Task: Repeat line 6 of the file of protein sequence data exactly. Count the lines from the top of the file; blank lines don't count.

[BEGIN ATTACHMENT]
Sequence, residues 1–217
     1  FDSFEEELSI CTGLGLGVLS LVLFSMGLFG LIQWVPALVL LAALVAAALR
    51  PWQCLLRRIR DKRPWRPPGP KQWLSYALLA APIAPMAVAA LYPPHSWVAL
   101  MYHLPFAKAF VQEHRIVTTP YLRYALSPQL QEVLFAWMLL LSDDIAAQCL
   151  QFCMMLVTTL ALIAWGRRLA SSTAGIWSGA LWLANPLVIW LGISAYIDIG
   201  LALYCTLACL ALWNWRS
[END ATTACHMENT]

   201  LALYCTLACL ALWNWRS